The Works of Galileo

Trial of Galileo

Urban VIII

In 1630, Oratio Morandi, a friend of an associate of Galileo’s, used astrology to predict an early death of Pope Urban VIII. Morandi was involved in hermetism and a follower of Della Porta’s natural magic. The following year Urban issued a papal bull forbidding astrological predictions of the health or demise of popes, kings, dukes or their families. In 1631, Cardinal Borgia (who would later refuse to sign Galileo’s sentence) led a group of cardinals who openly criticized Urban VIII for his political alliances with French and Swedish forces against Spain and the Holy Roman Emperor. Because Sweden was Protestant, while Spain and the Holy Roman Empire were Catholic, Urban VIII’s alliances appeared both politically and doctrinally vulnerable. Associates of the critical cardinals included some of Galileo’s visible supporters.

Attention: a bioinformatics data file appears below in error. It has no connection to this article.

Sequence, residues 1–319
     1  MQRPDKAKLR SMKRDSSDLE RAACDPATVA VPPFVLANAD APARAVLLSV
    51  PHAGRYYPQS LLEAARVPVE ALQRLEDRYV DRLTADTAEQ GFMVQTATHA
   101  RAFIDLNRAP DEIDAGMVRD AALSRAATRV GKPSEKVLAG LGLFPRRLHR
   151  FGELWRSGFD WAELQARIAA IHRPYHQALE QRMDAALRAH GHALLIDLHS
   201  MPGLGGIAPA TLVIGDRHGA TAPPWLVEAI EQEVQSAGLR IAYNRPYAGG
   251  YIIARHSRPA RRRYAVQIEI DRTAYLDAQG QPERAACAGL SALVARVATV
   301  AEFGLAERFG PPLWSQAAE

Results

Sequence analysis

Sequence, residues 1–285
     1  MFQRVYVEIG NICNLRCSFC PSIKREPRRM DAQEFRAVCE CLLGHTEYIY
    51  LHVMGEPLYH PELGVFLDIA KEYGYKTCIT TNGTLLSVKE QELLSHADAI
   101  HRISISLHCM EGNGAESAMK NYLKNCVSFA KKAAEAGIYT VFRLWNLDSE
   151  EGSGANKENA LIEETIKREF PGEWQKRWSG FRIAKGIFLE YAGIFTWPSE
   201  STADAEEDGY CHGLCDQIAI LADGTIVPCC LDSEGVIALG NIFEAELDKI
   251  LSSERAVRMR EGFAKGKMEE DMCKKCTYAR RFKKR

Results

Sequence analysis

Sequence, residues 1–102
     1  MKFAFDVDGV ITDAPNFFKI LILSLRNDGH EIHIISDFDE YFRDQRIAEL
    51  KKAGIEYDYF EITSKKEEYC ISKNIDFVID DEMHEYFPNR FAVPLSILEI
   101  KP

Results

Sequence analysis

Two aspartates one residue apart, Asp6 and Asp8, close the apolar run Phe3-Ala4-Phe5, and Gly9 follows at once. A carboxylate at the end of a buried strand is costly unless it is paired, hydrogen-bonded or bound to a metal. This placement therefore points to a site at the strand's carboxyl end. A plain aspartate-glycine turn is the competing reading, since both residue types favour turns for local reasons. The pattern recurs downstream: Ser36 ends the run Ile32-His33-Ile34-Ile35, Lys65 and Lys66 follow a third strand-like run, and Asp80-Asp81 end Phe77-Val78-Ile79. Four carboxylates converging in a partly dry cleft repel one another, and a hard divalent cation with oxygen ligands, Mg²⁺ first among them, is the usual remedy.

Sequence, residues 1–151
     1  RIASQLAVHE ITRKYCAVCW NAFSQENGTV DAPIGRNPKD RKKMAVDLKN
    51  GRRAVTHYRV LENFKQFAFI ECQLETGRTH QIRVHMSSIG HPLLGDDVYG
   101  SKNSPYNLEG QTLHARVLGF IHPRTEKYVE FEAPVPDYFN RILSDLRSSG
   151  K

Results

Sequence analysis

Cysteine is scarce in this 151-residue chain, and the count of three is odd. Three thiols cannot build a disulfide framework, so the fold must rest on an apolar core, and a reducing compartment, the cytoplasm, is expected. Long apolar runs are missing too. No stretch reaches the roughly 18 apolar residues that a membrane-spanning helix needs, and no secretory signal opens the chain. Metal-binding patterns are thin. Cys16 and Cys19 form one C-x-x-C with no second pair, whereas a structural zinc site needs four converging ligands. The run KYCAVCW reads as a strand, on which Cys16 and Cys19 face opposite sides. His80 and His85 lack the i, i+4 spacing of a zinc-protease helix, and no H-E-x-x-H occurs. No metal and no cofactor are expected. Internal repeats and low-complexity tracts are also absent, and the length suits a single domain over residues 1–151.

When the Dialogue was published, the Pope was furious. Galileo had betrayed his promise to treat Copernicanism hypothetically, and even worse, the Pope’s favored argument from divine omnipotence was put in the mouth of Simplicio. Because of the Thirty Years war and various ongoing intrigues (summarized in the previous paragraph), Urban found himself living (it was said) “in fear of poison.” He certainly did not appreciate a gadfly on his home front. He gave orders for the book to be recalled, and summoned Galileo to Rome for trial. (Figure 1) .

Figure 1 Figure 1 - Return to Text

Vatican, Rome.

Image credit: Duane H. D. Roller slide archive
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Exhibit credit: Kerry Magruder, with the assistance of , Marilyn B. Ogilvie, Duane H. D. Roller.

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